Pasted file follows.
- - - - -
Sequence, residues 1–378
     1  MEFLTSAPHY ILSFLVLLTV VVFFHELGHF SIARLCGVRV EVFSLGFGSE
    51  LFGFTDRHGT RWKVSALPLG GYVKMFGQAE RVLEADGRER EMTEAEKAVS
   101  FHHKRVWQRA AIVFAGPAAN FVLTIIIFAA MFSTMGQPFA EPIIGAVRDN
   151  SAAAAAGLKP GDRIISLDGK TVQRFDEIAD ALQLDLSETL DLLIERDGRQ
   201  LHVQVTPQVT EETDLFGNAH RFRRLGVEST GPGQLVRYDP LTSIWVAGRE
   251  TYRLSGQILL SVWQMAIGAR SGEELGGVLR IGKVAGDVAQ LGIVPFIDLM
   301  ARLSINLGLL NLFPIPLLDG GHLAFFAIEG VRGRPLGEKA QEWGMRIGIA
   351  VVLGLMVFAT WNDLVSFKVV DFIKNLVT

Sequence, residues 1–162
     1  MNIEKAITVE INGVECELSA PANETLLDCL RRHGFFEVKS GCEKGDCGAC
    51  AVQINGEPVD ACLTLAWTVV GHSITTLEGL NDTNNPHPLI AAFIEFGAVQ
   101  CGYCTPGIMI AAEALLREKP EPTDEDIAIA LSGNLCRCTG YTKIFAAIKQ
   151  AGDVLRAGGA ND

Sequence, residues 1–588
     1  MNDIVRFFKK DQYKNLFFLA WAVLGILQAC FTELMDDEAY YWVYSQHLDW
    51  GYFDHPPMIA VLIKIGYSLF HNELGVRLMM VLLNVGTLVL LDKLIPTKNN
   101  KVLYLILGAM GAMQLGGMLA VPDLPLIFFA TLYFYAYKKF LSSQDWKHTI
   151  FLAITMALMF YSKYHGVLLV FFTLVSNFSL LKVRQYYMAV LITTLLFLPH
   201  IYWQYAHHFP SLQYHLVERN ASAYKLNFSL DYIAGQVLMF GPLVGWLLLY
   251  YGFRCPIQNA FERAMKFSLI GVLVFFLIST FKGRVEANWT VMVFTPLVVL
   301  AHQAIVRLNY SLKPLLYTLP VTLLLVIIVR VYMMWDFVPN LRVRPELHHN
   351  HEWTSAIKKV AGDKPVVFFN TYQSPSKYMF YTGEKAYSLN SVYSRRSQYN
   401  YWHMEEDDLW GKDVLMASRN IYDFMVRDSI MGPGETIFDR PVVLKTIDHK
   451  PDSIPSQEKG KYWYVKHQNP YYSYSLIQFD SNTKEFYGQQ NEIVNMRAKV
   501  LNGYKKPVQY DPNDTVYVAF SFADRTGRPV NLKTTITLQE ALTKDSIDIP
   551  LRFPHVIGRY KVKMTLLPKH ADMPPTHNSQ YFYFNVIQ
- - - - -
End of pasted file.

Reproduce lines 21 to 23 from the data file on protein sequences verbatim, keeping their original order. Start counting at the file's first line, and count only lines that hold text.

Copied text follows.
   251  YGFRCPIQNA FERAMKFSLI GVLVFFLIST FKGRVEANWT VMVFTPLVVL
   301  AHQAIVRLNY SLKPLLYTLP VTLLLVIIVR VYMMWDFVPN LRVRPELHHN
   351  HEWTSAIKKV AGDKPVVFFN TYQSPSKYMF YTGEKAYSLN SVYSRRSQYN